Yet duller and bitter the Giant sat
     Scowling out at the sullen Sea.

And all the storm of the wind and rain,
     And all the rage of the wrathful wave,
Flowed in and out of the Giant’s brain
     As the surge in and out of a dank sea-cave.

Forth, at last, stept a shape so grey,
     Crown’d with poppy, and shrouded deep;
He touch’d the Giant with hand of clay.
     And held a goblet—“Drink this, and sleep.

“Over thy grave the grass shall grow—                                              229
     Roses too, the white and the red—
The generations shall come and go,
     But thou shalt slumber,” the spirit said.

“Many a year shall blossom and fade,
     Many a life be given and taken,
Ere from thy sleep in the silent shade
     Thou, with a thrill of new life, shalt waken.”

The Giant smiled. Still loud and strong
     Sounded the sob of the weary Sea.
“My ears are sick!—may my sleep be long!
     For ever and ever, if that may be.”



Who on the Giant’s tomb
Sits in the twilight gloom,
     With white hands folded?
Her breath comes fresh and warm;
Silent she waits, a form
     Divinely moulded.

Maiden she is; with eyes                                                         230
That search the dark still skies
     She sits in shadow;
Strewn scented at her feet
Are rue and lilies sweet,
     And flowers o’ the meadow.

And in her wild black hair
Are wild weeds passing fair,
     Pluck’d from dark places—
Dumb, dead, her sweet lips are,
And fixëd as a star
     Her marble face is.

Under God’s starless cope,
Vestured in white sits Hope,
     A musing maiden,
Under a yew sits she,
Watching most silently
     The gates of Eden.

Afar away they shine!
While up those depths divine
     Her eyes are turning—
And one by one on high
The strange lamps of the sky
     Are dimly burning.

Such sounds as fill’d with care                                                231
The dark heart of Despair
     Disturb her never,—
Tho’ close to her white feet
That mighty Sea doth beat,
     Moaning for ever.

She sees the foam-flash gleam,
She hears, in a half dream,
     The muffled thunder.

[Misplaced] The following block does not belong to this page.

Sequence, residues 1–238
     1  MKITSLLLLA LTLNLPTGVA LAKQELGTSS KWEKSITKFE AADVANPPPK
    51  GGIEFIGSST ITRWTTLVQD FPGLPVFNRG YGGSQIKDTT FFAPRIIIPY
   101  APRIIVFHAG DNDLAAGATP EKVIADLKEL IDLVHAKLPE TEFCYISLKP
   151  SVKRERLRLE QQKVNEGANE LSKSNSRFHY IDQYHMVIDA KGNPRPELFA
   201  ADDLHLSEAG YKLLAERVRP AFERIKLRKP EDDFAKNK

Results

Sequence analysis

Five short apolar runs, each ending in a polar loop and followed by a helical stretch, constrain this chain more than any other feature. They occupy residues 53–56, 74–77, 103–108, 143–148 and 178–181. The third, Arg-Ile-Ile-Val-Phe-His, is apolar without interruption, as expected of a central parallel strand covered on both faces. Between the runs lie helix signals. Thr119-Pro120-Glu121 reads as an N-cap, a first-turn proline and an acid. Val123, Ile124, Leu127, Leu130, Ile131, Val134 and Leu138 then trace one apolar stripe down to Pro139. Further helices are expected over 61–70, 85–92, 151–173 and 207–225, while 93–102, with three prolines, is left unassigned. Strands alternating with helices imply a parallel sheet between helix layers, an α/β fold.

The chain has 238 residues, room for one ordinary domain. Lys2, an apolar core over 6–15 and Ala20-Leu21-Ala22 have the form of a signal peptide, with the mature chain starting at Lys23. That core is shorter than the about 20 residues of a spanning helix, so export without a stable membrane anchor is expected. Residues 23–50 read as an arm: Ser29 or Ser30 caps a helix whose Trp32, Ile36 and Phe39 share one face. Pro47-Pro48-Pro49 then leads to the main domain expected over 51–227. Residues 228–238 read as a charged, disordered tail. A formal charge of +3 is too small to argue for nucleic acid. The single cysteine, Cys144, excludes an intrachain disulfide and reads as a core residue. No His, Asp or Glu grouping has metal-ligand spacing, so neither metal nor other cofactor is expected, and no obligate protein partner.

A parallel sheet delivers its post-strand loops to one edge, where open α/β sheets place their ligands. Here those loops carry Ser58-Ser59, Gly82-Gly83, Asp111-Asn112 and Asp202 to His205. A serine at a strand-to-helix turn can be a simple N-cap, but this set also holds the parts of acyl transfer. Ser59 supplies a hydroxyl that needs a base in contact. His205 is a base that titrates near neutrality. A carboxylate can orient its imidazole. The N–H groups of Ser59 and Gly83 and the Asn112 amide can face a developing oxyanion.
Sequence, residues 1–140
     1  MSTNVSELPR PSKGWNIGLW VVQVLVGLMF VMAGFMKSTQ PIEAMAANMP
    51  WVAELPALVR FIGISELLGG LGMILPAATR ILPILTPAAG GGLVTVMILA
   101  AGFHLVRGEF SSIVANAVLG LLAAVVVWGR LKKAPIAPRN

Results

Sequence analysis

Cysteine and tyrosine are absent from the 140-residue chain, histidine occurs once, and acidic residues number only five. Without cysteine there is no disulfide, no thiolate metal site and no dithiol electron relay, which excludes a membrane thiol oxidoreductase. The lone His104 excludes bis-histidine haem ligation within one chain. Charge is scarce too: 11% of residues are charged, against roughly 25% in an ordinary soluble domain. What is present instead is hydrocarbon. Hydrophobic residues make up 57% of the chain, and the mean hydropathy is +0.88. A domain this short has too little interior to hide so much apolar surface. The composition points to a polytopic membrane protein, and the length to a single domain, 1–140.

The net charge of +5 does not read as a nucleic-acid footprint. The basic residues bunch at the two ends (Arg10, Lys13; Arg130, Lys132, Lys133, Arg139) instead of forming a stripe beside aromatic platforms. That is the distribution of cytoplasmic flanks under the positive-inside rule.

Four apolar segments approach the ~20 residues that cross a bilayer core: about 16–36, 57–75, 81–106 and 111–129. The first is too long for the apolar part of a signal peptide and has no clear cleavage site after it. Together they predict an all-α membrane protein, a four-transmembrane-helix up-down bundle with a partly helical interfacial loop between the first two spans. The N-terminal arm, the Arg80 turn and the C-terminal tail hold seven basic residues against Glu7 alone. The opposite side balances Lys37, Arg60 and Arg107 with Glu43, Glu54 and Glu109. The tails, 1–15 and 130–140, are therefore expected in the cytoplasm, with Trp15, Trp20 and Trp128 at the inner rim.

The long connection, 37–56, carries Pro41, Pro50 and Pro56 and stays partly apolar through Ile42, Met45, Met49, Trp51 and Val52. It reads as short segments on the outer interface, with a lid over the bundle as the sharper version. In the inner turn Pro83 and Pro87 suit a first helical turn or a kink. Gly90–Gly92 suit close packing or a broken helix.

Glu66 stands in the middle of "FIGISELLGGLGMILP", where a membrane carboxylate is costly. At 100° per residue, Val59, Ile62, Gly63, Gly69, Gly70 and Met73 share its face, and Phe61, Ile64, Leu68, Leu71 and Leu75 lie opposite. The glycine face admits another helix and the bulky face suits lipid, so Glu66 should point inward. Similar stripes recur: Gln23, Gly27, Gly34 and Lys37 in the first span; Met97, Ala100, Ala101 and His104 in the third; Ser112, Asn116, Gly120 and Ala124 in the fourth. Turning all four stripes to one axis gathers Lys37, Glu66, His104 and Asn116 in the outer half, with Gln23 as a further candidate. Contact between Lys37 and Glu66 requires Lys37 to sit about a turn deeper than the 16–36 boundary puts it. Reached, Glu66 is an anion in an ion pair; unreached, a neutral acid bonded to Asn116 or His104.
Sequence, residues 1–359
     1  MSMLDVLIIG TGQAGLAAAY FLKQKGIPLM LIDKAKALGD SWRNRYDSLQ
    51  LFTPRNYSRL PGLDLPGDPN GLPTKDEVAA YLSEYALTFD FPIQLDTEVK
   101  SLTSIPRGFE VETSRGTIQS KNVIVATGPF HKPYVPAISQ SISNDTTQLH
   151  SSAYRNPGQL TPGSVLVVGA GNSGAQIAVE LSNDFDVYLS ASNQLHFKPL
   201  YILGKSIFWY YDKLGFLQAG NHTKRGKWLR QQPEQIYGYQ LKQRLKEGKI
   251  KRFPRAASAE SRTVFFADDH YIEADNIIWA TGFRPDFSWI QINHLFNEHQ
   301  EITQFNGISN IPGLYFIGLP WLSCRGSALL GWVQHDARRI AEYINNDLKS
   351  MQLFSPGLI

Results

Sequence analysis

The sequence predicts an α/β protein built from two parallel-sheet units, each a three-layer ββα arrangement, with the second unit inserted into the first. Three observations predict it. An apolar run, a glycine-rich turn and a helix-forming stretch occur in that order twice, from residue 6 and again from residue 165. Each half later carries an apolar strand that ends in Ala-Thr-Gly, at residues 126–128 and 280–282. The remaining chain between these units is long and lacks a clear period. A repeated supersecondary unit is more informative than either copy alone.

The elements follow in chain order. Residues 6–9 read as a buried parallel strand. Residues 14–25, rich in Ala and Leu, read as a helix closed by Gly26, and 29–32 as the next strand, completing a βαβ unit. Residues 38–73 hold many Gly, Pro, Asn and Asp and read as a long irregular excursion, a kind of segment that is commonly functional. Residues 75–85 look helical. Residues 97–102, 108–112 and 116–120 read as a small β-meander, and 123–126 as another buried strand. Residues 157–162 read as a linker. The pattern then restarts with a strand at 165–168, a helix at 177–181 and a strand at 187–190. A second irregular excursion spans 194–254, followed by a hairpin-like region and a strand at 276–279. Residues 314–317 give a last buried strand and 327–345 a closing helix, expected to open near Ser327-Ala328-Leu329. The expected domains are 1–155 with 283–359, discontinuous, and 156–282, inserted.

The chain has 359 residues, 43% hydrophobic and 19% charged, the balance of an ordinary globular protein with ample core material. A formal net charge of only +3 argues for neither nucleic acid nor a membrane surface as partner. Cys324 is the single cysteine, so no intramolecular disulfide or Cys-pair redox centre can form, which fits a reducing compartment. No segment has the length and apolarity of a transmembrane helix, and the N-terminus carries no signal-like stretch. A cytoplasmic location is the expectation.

The salt dew fills her hair;
Her thoughts are otherwhere,
     Watching in wonder.

There let her sit alone,
Ev’n as a shape of stone
     In twilight gleaming;
Despair’s pale monument,
There let her sit, content,
     Waiting and dreaming.

Ah! which were sweetest, best?
With dead Despair to rest
     In sleep unbroken;
Or with that marble Maid
To watch, to sit in the shade,
     Waiting a token?


‘Giant Despair’ was originally published in The Gentleman’s Magazine (September, 1874).]




HERE, on the sultry mountain’s face,
     Although the heat broods bright around,
The runlet, in a mossy place,
     Drips, drop by drop, without a sound,
Into a basin cool yet bright,
Half-shaded from the golden light.

All is as still as sleep; on high
     The clouds float soft and white as wool;
Fern-fringëd crags and boulders lie
     Sun-parch’d around the dewy pool;
Beneath, the mountain pathway twines,
Above, peaks rise and sunlight shines.

How still it is! nought moves or stirs.
     Afar below, the lake of blue,
With purple islands dark with firs,
     Gleams smooth as glass and dim as dew:
And mountain, isle, and woodland rest
Within the mirror of its breast.

All motionless on yonder stone                                                         233
     The white grouse crouches in the light;
On high among the crags, alone,
     The eagle sheathes his piercing sight,
Clutching the peak amid the heat,
His shadow black’ning at his feet.

No living thing that flies or creeps
     Comes near the well this noontide hour;
The sunlight scorches crags and steeps,
     The heather shrinks its purple flower;
The wild brook glisters in its bed,
Silent and faded to a thread.

But when the sun is in the west,
     And sheds soft crimson o’er the place,
The grey-hen creeping from her nest,
     Leaving her dull brown eggs a space,
Comes hither, pausing on the brink
With quick sharp eyes, and stoops to drink.

Or from the stones the foumart slim
     Doth hither steal at eve to cool
His bloody mouth; or on the brim
     The blue hare, shadow’d in the pool,
Sits up erect, and thro’ the rocks
Springs, at the coming of the fox.

How many a strange and gentle thing                                                234
     Hath seen its face reflected here!
How oft at gloaming hath the spring
     Mirror’d the moist eyes of the deer,
While glen and corry, peak and height,
Were redd’ning in the rosy light!

Here stain’d with blood and foamy-lipt,
     The stag of ten hath paused for breath,
His blood in the sad pool hath dript
     Dark, drop by drop, before his death,
While he has watched, with looks of woe,
The hunter toiling from below.

How sweet it lies! how dark and cool!
     Half shaded by the crag on high,
A tiny place, a shallow pool,
     Yet with its own dark depth of sky—
Renewed for ever with no will
By the soft trickling of the hill.